15-chapter 12 - Chapter 12: The Nervous and Sensory System...

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Chapter 12: The Nervous and Sensory System Purpose Learn the major brain divisions, both embryonic and adult, in an evolutionary context. Learn the structures and their functions in the mammalian (sheep) brain. Learn the cranial nerves of vertebrates (name and number) and their innervations (omitting their branches). Understand the anatomy and function of the various stimulus receptors of vertebrates. Know the six extrinsic (extraocular) eye muscles and their associated cranial nerves. Learn the anatomy of the Bos eye Nerve structure and vocabulary afferent = sensory efferent = motor nerve = bundle of axons in PNS tract = bundle of axons in CNS ganglia = cluster of small bodies in PNS nuclei = cluster of cell bodies in CNS CNS = central nervous system = brain & spinal cord PNS = peripheral nervous system cranial vs. spinal nerves (based on point of origin) Mammalian Anatomy: The Cat -Nervous System and Sense Organs Chapters Ch. 12 supplement- Figs 12-2 and 12-3 Squalus eye, 12-4 Squalus external anatomy The Vertebrate Brain Evolution of the brain can occur in two ways: either new structures can be added to the brain or already existing structures can be made more complex. Only the latter method has been employed in vertebrates. Even taxa as distantly related as lampreys and mammals have the same basic brain components, although the components are developed to different degrees. In vertebrates, the three embryological divisions of the brain are the prosencephalon , mesencephalon , and rhombencephalon . In adults, the prosencephalon divides to give rise to the telencephalon and diencephalon , and the rhombencephalon divides to become the metencephalon and myelencephalon . The mesencephalon remains as a major division of the adult vertebrate brain. These divisions are depicted on the vertebrate brain models in our lab. You should use the chart at the end of this chapter to help you visualize both the embryological and adult brain divisions among the representative classes of craniates. You will be responsible for knowing both embryological and adult divisions of the vertebrate brains. You are also required to know the names and numbers of all 12 cranial nerves on the dog brain model. You should be able to identify the first 6 nerves on the preserved sheep brain. The twelve craniofacial nerves and their functions are depicted in Figure 12-1 (below).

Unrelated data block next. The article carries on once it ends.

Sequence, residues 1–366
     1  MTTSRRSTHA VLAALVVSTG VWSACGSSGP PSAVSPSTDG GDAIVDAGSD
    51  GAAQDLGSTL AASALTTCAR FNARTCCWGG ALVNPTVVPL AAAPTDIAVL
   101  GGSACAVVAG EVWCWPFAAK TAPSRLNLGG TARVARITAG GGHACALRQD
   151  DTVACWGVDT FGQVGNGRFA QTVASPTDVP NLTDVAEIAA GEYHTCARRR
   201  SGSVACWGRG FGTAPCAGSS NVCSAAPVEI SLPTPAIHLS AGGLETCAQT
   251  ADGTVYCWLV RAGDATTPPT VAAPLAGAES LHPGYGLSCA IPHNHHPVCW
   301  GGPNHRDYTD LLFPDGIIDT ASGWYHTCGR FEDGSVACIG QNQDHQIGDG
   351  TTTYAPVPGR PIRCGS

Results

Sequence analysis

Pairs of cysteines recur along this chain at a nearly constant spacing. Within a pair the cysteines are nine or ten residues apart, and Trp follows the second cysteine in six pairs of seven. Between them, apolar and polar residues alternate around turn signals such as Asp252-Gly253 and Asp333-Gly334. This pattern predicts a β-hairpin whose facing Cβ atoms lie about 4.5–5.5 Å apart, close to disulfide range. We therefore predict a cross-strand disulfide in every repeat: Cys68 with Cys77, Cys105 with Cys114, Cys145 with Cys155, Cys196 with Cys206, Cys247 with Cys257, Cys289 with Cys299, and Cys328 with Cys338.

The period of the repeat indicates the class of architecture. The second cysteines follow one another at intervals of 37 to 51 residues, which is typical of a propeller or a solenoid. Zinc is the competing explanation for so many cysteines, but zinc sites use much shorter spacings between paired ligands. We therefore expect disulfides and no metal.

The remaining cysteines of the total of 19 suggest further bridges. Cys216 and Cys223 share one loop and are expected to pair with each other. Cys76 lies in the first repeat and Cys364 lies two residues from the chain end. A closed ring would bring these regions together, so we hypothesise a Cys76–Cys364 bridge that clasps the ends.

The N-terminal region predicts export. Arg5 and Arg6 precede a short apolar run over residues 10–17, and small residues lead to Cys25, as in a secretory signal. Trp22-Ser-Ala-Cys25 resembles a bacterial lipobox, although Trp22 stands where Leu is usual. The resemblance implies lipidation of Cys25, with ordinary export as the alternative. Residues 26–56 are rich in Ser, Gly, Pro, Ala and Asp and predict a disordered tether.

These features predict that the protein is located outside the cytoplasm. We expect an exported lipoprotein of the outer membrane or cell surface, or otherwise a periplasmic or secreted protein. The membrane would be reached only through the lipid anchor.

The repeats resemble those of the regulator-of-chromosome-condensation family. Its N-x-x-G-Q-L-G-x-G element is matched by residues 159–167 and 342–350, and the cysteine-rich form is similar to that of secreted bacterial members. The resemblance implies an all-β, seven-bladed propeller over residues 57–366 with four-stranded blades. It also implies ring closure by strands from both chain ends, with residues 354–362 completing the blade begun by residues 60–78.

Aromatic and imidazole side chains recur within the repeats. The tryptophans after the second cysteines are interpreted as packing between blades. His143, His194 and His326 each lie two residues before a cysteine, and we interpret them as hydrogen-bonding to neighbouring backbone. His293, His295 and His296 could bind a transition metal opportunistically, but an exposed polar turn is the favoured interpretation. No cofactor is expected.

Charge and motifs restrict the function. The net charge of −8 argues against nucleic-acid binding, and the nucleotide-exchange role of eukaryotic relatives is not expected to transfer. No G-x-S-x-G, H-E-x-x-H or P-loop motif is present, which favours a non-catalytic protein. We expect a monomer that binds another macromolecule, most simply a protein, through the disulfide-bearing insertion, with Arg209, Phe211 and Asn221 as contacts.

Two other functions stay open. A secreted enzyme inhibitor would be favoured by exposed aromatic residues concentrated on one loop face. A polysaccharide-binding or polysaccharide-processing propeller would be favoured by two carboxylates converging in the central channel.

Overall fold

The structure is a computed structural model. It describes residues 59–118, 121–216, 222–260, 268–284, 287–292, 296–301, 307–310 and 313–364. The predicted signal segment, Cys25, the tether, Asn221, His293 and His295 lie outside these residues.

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Figure 12-1. Mammalian craniofacial nerves and their functions. ( Adapted from Gilbert 1994. )
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Extrinsic (extraocular) eye muscles The six extrinsic eye muscles are a highly conservative feature in vertebrates. There is no variation in the number or arrangement of these muscles except in those burrowing taxa that have reduced or lost their eyes during their evolution ( e.g. , snakes, which apparently re-evolved eyes after losing them), and many birds, which have no room for them in their compact skulls. If you learn these six muscles in Squalus you then know them in most other vertebrates. There are two oblique
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15-chapter 12 - Chapter 12: The Nervous and Sensory System...

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